Lucasfilm is working on ‘a few’ standalone films featuring existing characters – but not part of the overall saga. Lawrence Kasdan and Simon Kinberg are working on them – thus confirming the second half of an older rumor.

Iger said that Disney and Lucasfilm hope to make Episodes VII-IX over “a six-year period.” They’re still aiming for a 2015 release, but “a few other films” will be released “in that period of time.” Bryan Young speculates that this likely means we’ll be getting a Star Wars film on a yearly basis, which is in line with sister studio Pixar’s outputiger-cnbc

UPDATE: StarWars.com adds that Kasdan and Kinberg are working on two films separately, each focusing “on a specific character,” and that they’re both expected to come out after Episode VII.

Iger declined to name any specific characters, so the Yoda film still remains strictly a rumor – but certainly a far more likely one now. I’d also place bets on Boba Fett getting his own movie – but if it keeps him (and his director fanboys) out of further Episodes, that’s a price I will (grudgingly) pay.

Zahn chats Scoundrels, Star Wars pitches, Disney

Del Rey had a Facebook chat with Timothy Zahn for Scoundrels today, and it was… Very busy. I admit I skimmed most of the actual questions, but I can verify that all of Zahn’s answers are free of spoilers for Scoundrels.

There was a lot of old ground covered, but we did get a surprisingly detailed look at what Zahn has pitched to Del Rey. He begins:

If there are to be more books, and if LFL/Del Rey/Disney decide to let me write some of them, I have a trilogy project to pitch where the third book would also be the third book of the Hand of Judgment series (Allegiance and Choices of One). Again, I don’t know if that will happen.

And later….

A Fel or Chiss novel would be fun. As a matter of fact, the trilogy I mentioned above (which I’ll pitch if I’m invited to do another book) would have one book heavily involving Thrawn and the Chiss. (The middle book, btw, would feature Mara being sent to stop an assassination…against Vader. Imagine the fun they would *both* have with *that* assignment.) The proposed series title is The Maestro Trilogy, if anyone wants to star nagging Del Rey. (No, seriously, *don’t* nag. Just ask politely…)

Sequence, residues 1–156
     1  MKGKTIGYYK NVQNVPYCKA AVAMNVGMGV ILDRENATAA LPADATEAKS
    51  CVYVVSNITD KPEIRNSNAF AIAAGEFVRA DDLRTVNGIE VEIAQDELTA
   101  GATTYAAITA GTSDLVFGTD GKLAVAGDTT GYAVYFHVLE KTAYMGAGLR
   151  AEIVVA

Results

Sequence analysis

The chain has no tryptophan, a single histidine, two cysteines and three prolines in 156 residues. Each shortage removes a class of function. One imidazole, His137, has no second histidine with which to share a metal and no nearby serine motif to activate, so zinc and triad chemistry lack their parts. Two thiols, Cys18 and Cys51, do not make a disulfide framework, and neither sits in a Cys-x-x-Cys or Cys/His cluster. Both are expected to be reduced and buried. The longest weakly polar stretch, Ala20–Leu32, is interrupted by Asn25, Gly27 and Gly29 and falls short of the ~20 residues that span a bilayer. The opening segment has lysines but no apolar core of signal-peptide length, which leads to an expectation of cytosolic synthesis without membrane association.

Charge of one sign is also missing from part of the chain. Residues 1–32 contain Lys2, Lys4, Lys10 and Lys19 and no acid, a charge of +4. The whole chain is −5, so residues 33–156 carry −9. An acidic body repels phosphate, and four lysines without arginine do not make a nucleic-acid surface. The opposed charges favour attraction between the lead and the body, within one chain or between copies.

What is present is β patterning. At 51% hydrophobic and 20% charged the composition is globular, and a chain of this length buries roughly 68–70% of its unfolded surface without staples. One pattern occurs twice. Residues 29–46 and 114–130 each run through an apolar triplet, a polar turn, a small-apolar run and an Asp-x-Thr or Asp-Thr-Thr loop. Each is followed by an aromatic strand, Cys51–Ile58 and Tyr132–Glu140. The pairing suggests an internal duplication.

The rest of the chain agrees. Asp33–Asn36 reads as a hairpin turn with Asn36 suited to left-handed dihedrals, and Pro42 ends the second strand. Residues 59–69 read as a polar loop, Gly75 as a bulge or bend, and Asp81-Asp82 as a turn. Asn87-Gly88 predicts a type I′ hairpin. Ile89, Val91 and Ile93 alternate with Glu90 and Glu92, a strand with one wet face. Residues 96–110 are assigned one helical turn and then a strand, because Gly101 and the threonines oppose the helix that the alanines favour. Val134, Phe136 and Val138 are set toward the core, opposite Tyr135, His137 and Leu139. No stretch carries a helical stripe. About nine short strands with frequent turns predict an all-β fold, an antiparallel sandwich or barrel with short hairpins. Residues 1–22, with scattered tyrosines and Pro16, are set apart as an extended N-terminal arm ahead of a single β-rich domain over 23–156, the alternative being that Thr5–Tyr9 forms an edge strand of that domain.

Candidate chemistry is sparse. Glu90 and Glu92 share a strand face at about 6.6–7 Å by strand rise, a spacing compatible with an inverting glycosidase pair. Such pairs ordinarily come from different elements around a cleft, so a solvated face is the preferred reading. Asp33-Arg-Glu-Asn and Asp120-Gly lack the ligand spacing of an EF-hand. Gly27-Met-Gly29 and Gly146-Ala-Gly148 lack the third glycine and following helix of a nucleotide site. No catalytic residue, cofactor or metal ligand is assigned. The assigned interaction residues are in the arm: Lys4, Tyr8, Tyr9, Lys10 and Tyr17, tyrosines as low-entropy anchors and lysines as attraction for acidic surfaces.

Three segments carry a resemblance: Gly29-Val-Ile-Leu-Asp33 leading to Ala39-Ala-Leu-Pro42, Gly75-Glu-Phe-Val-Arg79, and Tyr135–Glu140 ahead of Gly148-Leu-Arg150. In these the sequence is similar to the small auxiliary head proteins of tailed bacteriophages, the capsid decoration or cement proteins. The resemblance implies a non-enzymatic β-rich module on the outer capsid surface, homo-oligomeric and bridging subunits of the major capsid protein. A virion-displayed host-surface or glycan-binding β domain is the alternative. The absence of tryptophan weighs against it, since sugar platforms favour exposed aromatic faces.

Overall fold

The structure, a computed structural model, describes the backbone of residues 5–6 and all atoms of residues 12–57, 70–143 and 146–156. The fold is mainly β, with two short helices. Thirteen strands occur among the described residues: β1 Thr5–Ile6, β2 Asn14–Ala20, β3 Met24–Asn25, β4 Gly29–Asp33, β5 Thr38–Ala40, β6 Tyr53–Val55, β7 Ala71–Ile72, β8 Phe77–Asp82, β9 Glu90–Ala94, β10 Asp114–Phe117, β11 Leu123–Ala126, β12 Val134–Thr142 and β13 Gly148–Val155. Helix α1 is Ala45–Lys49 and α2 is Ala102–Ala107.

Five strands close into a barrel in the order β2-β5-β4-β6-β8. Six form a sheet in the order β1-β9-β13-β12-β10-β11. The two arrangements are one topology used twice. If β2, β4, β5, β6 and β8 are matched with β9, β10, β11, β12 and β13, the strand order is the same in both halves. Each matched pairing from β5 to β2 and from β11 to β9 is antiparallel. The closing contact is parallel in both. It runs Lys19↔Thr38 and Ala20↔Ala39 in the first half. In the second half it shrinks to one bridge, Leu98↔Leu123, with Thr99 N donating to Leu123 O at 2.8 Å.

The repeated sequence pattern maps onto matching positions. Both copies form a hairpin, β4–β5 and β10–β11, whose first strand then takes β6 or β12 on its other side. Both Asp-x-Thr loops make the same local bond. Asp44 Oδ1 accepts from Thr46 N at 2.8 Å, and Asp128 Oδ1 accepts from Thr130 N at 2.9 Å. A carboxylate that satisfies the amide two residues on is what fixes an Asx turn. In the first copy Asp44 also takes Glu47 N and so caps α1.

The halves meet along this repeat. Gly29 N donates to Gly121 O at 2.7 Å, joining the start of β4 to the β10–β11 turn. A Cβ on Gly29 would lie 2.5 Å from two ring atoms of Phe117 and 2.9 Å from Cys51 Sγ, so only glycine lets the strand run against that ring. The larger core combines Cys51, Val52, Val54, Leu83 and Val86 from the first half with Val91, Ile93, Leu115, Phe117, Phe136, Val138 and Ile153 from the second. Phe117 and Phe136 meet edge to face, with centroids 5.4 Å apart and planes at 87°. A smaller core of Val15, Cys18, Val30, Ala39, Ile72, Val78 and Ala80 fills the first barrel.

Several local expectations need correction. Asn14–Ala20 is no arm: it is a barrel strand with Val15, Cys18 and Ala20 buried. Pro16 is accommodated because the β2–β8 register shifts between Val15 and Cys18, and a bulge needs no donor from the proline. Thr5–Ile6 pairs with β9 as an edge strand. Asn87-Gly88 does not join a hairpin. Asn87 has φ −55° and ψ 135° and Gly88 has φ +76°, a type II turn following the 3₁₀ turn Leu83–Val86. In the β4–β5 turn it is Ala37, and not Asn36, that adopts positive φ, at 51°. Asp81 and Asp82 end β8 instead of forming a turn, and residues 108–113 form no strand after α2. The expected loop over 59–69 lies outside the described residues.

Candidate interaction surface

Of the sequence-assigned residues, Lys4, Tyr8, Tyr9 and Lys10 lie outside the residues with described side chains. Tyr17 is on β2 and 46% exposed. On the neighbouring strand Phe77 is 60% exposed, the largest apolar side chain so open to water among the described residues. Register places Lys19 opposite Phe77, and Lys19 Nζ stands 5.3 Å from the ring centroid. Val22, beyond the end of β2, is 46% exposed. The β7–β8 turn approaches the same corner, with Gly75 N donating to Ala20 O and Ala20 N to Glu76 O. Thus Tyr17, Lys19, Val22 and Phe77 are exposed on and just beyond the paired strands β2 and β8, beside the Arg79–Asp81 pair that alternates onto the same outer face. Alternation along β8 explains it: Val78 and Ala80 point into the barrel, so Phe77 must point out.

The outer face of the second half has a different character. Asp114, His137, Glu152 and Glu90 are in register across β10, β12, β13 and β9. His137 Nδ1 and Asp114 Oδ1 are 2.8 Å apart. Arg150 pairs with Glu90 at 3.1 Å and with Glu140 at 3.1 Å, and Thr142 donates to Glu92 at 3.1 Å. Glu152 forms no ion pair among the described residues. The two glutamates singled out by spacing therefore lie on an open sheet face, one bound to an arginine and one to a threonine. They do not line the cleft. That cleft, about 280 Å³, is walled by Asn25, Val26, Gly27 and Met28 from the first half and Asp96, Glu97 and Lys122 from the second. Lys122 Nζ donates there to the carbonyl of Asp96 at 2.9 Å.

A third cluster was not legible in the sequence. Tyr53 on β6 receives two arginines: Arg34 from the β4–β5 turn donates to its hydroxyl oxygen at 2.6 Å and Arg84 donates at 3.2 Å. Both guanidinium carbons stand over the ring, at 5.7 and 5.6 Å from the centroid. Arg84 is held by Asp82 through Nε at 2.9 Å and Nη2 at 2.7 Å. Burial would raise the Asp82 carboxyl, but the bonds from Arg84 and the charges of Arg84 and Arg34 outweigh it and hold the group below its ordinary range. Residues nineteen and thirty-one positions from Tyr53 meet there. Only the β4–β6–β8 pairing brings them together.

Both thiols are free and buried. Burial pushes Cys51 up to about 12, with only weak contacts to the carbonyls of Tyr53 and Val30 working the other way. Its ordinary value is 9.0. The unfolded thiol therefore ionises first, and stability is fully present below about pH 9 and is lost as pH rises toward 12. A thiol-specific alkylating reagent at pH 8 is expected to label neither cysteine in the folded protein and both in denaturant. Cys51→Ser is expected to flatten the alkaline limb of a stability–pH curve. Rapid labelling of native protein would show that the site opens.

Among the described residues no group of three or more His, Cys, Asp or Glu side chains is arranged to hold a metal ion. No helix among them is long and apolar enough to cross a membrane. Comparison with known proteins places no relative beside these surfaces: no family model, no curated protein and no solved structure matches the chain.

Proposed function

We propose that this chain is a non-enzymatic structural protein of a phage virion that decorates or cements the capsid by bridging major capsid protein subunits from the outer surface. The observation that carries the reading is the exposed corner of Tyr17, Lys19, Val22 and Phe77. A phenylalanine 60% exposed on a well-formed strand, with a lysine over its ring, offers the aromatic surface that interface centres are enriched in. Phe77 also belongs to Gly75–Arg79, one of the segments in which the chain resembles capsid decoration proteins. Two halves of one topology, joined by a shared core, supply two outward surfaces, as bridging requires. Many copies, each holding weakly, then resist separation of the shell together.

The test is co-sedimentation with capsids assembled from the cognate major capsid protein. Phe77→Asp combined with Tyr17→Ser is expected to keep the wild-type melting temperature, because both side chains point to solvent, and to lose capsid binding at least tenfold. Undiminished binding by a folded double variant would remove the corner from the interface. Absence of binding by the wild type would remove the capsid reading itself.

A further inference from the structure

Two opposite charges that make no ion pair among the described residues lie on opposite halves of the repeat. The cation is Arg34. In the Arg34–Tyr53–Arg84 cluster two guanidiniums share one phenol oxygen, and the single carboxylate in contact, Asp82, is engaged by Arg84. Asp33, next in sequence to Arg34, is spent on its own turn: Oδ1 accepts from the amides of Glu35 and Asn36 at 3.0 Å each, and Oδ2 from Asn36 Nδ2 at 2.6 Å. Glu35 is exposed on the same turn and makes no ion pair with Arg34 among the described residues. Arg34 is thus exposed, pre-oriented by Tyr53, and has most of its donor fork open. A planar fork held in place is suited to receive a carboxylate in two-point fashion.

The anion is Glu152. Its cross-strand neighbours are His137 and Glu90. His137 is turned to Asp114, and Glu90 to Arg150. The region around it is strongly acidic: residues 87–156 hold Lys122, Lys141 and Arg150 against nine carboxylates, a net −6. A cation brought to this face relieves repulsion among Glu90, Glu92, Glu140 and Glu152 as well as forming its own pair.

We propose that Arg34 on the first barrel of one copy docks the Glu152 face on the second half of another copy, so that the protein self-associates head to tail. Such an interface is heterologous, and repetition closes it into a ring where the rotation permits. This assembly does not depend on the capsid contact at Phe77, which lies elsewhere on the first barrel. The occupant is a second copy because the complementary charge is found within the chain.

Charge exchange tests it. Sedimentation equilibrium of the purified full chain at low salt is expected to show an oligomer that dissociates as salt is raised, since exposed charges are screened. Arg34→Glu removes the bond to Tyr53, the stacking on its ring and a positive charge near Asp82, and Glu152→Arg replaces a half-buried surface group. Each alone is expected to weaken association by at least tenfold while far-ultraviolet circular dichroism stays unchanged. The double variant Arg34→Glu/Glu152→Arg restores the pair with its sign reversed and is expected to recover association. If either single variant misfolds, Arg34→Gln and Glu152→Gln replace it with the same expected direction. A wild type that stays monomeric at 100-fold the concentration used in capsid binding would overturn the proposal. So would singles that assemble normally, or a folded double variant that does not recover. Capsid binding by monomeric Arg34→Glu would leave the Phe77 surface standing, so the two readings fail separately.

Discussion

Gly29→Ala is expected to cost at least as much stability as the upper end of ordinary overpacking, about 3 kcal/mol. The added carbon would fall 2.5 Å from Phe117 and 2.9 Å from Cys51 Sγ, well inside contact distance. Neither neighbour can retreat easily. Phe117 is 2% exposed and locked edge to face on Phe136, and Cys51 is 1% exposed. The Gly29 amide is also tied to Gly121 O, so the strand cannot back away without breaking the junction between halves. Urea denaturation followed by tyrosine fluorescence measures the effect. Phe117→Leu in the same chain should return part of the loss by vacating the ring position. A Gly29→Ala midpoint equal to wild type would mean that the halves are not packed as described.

When asked about his favorite era:

At the moment I like writing in the Ep 4/5 gap, partly because the characters are so much fun in that era and partly because the territory hasn’t been as well explored. However, I understand there are several books now scheduled in that time, so it may start getting crowded. As to other eras, the Old Republic era has a lot of good writers who are working there, and I’m not sure whether Del Rey is planning to go beyond Legacy of the Force right now. If the Ep 3/4 gap is ever opened up (LFL so far has kept that off-limits) there are a bunch of stories I could tell there.

And naturally he was asked quite a bit about the sequel trilogy and how it relates to his books:

Actually, I think Disney will do right by LFL. Their record with Pixar and Marvel indicates they know how to step back and let the people who know what they’re doing just do it. With Kathleen Kennedy now helming LFL, and with all the wonderfully talented people already in place there, I’m expecting good things to come. Of course, if Disney decided they wanted a couple of TV shows, and just *happened* to think of Mara Jade or the Hand of Judgment, I would certanly not stand in their way.

As to whether any of my characters might show up in the sequels: Again, no idea what’s being planned, but I would naturally love to see something I’ve done up there on the Big Screen.

Overall, I find myself hoping (yet again) that Del Rey finds a different way to do these chats. Sure, a couple good things came out of this one, but it was a bit of a mess…